Introducing Hyper-V Server 2012 R2

In this article, I will give a brief overview of Hyper-V Server 2012 R2 and why you would consider using this free version of the Hyper-V virtualization platform.

What Is Hyper-V Server 2012 R2?

Hyper-V Server is the free version of Hyper-V that anyone can download and use for enterprise-class virtualization. For every version of Hyper-V on Windows Server, there has been an equal version of Hyper-V Server. In the case of Windows Server 2012 R2 (WS2012 R2), there is a matching release of Hyper-V Server 2012 R2. Hyper-V Server 2012 R2, as usual, has all the same features and scalability of the Datacenter edition of Windows Server Hyper-V, but with three exceptions:

  • Licensing: There are no free virtualization rights as you get with the Standard or Datacenter editions of Windows Server. This is a free product so you shouldn’t expect everything for nothing!
  • Automatic Virtual Machine Activation: The Datacenter edition of Windows Server is the one that is most likely used in multi-tenant clouds. Therefore, this is the only edition that includes the new AVMA feature to automatically activate Windows guest operating systems that are running on an activated host.
  • The GUI: Hyper-V Server has only a Core installation option. This is not a big concern; all administration is done either via a simple wizard, command/PowerShell prompt, or remotely using the Remote Server Administration Toolkit for Windows 8.1 or System Center.

Other than that, you get all the Hyper-V and Failover Clustering features that are essential to Microsoft virtualization, including VMs with 1 TB RAM and 64 virtual processors, Hyper-V Replica, Storage Spaces, and Network Virtualization. Note that Hyper-V Server has a limited set of roles/features, relevant only to the functionality of a Hyper-V management OS. This stripped-down media makes the install of Hyper-V Server very quick.

The Hyper-V Server user interface.

Why Use Hyper-V Server?

The correct way to license Windows Server VMs is to license the host. For example, a host licensed (an accounting operation only) with two copies of Windows Server Standard is entitled to run four VMs with Windows Server installed as guest operating systems (in addition to the optional host installation for Hyper-V). With the Datacenter edition you get unlimited installations of Windows Server as the guest OS. So what place could Hyper-V Server have if you have to license the host for Windows Server anyway? There are a few scenarios, including but not limited to:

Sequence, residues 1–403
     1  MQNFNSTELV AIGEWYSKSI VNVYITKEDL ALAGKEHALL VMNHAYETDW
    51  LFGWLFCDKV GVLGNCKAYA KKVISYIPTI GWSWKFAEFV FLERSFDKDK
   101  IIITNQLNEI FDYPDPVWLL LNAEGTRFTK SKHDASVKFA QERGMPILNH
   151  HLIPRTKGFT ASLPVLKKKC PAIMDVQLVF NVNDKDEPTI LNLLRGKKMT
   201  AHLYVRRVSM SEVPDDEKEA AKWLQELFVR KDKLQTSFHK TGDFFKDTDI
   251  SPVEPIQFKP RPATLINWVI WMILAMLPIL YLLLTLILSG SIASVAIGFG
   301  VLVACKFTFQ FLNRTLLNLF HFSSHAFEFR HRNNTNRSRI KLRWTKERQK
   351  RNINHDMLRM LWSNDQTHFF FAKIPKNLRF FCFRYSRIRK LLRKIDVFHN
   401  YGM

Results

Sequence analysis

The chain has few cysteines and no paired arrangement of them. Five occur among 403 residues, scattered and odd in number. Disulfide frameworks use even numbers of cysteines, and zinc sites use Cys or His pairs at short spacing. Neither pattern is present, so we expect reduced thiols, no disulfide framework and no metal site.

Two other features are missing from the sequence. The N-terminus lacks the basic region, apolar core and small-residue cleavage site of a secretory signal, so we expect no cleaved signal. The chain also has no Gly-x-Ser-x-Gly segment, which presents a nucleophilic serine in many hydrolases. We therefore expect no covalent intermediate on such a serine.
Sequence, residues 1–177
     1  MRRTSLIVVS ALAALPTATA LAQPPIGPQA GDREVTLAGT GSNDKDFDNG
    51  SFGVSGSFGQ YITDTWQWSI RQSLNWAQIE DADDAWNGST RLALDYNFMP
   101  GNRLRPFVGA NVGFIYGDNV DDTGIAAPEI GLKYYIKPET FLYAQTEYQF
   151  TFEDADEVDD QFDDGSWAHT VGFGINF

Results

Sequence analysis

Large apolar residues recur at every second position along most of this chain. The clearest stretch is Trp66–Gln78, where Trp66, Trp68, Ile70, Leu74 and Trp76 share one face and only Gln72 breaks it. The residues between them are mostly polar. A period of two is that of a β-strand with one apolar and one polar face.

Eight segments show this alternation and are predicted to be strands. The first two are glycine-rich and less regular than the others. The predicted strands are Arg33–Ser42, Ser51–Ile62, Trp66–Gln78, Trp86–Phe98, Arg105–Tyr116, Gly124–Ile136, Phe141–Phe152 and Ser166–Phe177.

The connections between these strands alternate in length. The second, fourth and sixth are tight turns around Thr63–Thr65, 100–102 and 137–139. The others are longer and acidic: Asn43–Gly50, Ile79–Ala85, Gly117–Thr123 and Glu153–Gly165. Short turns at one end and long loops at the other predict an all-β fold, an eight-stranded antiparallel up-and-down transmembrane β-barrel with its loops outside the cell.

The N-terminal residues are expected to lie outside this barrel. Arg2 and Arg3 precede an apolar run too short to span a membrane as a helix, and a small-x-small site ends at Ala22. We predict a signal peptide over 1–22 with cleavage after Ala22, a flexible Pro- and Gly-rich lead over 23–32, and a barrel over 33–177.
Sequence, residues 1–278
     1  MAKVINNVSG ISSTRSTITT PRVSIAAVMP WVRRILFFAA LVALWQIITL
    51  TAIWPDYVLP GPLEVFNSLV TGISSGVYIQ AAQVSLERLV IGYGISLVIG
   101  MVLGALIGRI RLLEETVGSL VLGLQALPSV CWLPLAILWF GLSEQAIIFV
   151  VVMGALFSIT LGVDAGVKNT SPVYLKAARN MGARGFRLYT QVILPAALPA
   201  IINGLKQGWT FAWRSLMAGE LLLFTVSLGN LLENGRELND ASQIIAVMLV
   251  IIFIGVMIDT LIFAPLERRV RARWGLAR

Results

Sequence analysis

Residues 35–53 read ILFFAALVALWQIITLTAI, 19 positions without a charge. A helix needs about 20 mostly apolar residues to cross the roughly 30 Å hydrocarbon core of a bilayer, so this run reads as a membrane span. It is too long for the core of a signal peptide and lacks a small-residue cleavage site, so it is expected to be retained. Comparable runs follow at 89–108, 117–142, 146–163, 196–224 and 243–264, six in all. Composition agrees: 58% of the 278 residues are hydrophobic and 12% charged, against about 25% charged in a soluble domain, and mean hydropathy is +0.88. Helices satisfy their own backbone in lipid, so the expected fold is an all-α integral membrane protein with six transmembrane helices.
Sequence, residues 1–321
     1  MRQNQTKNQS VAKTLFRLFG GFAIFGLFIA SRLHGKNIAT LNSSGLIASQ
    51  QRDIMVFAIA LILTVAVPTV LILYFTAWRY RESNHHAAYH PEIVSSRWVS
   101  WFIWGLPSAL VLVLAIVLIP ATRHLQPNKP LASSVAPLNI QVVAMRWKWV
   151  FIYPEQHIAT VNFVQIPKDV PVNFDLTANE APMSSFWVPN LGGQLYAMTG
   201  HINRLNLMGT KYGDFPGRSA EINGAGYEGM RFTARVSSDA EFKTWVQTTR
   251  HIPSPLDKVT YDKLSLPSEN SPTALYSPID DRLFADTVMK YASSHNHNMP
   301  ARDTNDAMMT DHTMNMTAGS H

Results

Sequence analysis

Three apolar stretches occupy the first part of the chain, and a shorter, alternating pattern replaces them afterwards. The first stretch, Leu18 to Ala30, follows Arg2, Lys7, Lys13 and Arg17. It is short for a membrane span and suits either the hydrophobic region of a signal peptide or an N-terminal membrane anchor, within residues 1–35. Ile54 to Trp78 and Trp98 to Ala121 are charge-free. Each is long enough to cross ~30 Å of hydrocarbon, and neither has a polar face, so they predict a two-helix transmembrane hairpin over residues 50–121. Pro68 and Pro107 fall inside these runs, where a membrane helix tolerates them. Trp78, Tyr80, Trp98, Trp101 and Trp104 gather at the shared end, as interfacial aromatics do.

• Newer version of Hyper-V: Maybe a customer has licensed all their VMs (via host licensing) for Windows Server 2008 R2 (W2008 R2) and has no intention of upgrading. But the sound of SMB-powered live migration, Hyper-V Replica, and other WS2012 R2 Hyper-V features are tempting but not affordable due to the cost of new Windows Server licenses and associated CALs. That customer could legitimately migrate from W2008 R2 Hyper-V while retaining W2008 R2 as the guest OS. User/device CALs would not have to be upgraded.
  • VDI: VDI virtual machines that are being used internally are licensed using client OS Software Assurance or VDA. That means that the virtualization benefits of Windows Server are useless to hosts that are dedicated to the role of VDI. This makes the free Hyper-V Server a great choice, especially because it has the same features and manageability that you would have for Hyper-V hosts that are running server workloads. Note: Hosting service providers must use Window Server via SPLA as the guest OS.
  • Test and evaluation: If you need a host that can run evaluation or test installations then you probably want to keep your costs down. Hyper-V Server gives you a legitimately licensed host that won’t time bomb on you.
  • Linux workloads: It is possible that you want to optimize your Windows Server licensing in a heterogeneous environment. Maybe you have X hosts licensed for Windows Server Datacenter and you reserve all of their capacity for Windows Server VMs. This strategy would allow you to place Linux workloads onto hosts that are running on the free Hyper-V Server, and therefore limit your Windows Server licensing to only the required hosts.
  • The lowest denominator: Sadly, some people have administrator rights even though it is not in the best interests of their employer. Some consultants might ensure that the per-host licensing of Windows Server in a virtualization environment is correctly in place, but still decide to deploy Hyper-V Server. The benefit of this approach is that the on-site administrator(s) cannot enable other Windows Server roles because this just is not possible on Hyper-V Server. This approach ensures that the management OS remains only the management OS and sticks to Microsoft’s recommendations.

Getting Hyper-V Server

You can download Hyper-V Server for free – simply complete a quick registration form and you can download the ISO containing the installation media.
Note: At the time of writing this post, Hyper-V Server 2012 R2 was not publicly available, but it was available on MSDN and TechNet.